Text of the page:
The Essence of Worship
By Carolyn Litchfield | December 19, 2019
I am happy to share with you what I have been learning over these last few months. I have loved our study in John, being refreshed by his gospel and challenged by Jesus’ teaching, but I have also loved meditating on the four pillars of our church vision that Darin has set forth for us to embrace. I have had some personal growth in regards to understanding what true worship is and how it is lived out.
Based on the teachings of these four pillars of our faith, I understand more clearly that worship is both an inner, authentic, godward experience of the heart as well as an external expression of God’s value and worth. When I have the correct understanding of God’s nature and the right valuing of His holiness then my heart’s response is to worship Him. Acts of love with the body, hands and feet show the worthiness of God by what I am willing to sacrifice for the good of others.
In my earlier years as a believer in Jesus my view of worship consisted of singing hymns and praise songs for 15 minutes before the sermon. Under the mentorship of Howie Stevenson, I was given the opportunity to participate in worship by playing my cello. I began to understand that this act of worship was a way for me to express God’s value and worth.
The creative arts have long been a language of the heart for worshipping God. Over the centuries, paintings, sculpture and music were often directed towards biblical truths and praise and worship.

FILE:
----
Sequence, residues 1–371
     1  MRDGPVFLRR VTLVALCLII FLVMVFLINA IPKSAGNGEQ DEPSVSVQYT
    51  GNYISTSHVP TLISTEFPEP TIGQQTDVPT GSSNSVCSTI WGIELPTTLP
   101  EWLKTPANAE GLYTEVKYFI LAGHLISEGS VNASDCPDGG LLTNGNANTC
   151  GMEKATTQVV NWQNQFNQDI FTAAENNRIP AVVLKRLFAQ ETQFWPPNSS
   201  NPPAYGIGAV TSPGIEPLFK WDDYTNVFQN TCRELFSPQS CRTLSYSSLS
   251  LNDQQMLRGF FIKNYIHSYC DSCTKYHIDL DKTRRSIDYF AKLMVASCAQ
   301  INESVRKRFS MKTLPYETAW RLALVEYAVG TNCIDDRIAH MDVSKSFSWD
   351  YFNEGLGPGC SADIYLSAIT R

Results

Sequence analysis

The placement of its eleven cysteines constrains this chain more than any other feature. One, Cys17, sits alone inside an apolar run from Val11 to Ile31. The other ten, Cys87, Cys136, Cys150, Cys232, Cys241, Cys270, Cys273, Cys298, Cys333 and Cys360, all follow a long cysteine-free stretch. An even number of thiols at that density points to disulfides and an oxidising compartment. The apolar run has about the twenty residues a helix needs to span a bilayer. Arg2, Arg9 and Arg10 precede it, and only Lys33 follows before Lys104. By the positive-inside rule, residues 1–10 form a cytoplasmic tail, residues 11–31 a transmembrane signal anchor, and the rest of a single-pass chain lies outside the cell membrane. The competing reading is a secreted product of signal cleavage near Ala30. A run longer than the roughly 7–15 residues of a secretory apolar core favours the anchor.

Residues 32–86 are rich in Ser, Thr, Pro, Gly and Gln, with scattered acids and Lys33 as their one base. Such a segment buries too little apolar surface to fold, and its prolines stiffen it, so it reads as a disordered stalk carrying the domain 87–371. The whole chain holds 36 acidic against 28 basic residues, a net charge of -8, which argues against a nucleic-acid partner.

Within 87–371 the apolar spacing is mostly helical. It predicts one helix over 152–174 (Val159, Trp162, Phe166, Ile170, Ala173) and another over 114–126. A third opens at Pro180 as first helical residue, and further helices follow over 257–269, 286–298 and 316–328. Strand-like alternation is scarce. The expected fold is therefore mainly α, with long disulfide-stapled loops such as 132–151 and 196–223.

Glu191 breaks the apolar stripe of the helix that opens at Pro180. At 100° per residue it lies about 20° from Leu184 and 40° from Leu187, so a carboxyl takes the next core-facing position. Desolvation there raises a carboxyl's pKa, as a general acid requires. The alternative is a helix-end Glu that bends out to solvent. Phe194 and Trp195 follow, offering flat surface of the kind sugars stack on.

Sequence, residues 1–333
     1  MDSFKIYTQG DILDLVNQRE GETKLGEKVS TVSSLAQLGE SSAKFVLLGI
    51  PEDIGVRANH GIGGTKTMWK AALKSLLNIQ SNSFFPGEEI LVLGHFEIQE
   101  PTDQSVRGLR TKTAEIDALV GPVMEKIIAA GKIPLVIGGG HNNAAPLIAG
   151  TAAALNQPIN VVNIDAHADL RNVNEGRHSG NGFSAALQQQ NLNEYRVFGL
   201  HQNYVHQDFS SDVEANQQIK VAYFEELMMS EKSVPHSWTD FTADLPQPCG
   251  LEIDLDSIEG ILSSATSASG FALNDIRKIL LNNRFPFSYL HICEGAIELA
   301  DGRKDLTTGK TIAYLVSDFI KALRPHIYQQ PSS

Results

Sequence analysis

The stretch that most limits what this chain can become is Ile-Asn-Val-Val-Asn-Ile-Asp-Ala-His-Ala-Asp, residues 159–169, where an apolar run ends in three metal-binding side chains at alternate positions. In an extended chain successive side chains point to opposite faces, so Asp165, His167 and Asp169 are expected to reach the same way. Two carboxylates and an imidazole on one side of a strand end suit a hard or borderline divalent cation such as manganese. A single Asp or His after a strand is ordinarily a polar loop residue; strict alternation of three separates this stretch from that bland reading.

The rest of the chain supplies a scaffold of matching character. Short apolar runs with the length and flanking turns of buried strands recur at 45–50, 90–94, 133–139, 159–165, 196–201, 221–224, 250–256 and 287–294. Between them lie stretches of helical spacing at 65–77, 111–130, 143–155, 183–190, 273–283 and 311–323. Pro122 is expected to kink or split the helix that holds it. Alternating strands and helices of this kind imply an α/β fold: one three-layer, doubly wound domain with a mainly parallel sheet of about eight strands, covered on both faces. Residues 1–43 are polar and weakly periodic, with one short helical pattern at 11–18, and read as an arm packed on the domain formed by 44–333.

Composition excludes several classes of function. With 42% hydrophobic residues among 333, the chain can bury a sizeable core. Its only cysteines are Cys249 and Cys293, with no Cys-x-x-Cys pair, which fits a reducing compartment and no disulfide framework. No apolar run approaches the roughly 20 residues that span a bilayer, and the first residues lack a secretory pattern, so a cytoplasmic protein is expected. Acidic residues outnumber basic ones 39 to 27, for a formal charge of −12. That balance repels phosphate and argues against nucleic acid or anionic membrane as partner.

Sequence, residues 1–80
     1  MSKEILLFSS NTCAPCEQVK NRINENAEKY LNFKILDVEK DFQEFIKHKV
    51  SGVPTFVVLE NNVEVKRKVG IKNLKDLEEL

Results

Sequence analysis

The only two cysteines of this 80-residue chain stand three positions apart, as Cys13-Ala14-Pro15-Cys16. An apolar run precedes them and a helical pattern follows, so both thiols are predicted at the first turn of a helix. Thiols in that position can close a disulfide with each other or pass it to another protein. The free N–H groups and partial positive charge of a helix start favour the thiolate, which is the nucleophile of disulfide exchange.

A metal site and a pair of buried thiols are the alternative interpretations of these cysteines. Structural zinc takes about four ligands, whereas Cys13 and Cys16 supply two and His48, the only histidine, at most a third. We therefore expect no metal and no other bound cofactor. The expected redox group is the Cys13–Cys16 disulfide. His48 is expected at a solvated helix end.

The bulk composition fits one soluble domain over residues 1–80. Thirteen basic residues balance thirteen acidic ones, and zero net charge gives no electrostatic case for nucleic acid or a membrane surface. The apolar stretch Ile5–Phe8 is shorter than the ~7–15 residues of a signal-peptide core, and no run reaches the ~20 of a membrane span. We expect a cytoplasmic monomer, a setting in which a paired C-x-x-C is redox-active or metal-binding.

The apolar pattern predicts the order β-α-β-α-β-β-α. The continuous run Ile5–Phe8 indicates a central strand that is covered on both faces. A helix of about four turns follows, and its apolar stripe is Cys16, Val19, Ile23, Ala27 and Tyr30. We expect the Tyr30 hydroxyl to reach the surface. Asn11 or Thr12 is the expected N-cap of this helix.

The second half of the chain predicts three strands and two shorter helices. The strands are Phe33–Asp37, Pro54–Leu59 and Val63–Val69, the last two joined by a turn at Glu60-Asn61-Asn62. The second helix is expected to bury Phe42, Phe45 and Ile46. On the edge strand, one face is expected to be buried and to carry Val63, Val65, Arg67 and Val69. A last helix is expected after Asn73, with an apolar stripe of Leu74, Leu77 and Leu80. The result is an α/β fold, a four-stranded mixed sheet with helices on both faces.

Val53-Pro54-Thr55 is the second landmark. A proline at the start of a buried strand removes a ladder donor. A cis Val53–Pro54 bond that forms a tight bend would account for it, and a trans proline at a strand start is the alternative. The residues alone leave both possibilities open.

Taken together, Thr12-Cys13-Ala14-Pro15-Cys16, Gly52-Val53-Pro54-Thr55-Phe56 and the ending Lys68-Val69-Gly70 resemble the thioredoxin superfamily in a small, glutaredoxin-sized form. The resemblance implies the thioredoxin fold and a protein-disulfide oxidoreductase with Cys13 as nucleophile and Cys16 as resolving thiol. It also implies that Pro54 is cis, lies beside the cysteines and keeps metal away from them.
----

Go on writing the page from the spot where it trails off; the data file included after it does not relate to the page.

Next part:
For me, my heart’s language for worship is cello. However, I struggled with the inherent “performance” mindset being at odds with the desire to keep the focus on Jesus. Jesus and I have had many conversations about this, and over the years He has given me the freedom to understand that He gifts each of us with something that we can give back to Him. When we do, it becomes our unique way of worshipping Him truly and fully from our hearts. I feel His pleasure when I use my gifts to worship Him.
This is our inner essence of worship, that place where we are alone with God, speaking with Him in the language of the heart that comes from the gifts He has given. At the same time, the external worship takes place as others are moved to understand God’s worthiness and respond by using the gifts they have been given. This is such a beautiful picture of how our lives interconnect in a way that glorifies God, honors Jesus and values the work of the Holy Spirit.
As I meditate on and understand that the kingdom of God is, at least in part, here and now and that Jesus wants us to partner with Him in extending the kingdom into our spheres of influence, I am further convinced that the four pillars that we as a church body are implementing are acts of worship that are ushering in the kingdom of God.
Now my heart language is expanding to include acts of worship that are outside the church walls and into the world. I am excited to grow in these areas of demonstrable worship. Radiating peace, showing revolutionary kindness, professing the truth of Christ and being a fragrant aroma that is pleasing to a lost world. In the power of Christ, all of these are possible for me to do as acts of worship.
John Piper has a summary of the heart of worship that I would like to share with you.
“The inner essence of worship is to know God truly and then respond from the heart to that knowledge by valuing God, treasuring God, prizing God, enjoying God, being satisfied with God above all earthly things. And then that deep, restful, joyful satisfaction in God overflows in demonstrable acts of praise from the lips and demonstrable acts of love in serving others for the sake of Christ”